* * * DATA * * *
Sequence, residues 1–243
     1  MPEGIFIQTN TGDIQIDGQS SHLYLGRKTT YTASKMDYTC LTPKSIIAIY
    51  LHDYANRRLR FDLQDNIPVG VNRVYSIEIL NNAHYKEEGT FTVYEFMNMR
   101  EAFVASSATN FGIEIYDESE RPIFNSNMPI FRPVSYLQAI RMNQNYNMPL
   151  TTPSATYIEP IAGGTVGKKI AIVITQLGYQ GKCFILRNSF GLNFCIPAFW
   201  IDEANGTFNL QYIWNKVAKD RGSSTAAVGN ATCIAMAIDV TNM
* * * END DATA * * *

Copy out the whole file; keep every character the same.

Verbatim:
Sequence, residues 1–243
     1  MPEGIFIQTN TGDIQIDGQS SHLYLGRKTT YTASKMDYTC LTPKSIIAIY
    51  LHDYANRRLR FDLQDNIPVG VNRVYSIEIL NNAHYKEEGT FTVYEFMNMR
   101  EAFVASSATN FGIEIYDESE RPIFNSNMPI FRPVSYLQAI RMNQNYNMPL
   151  TTPSATYIEP IAGGTVGKKI AIVITQLGYQ GKCFILRNSF GLNFCIPAFW
   201  IDEANGTFNL QYIWNKVAKD RGSSTAAVGN ATCIAMAIDV TNM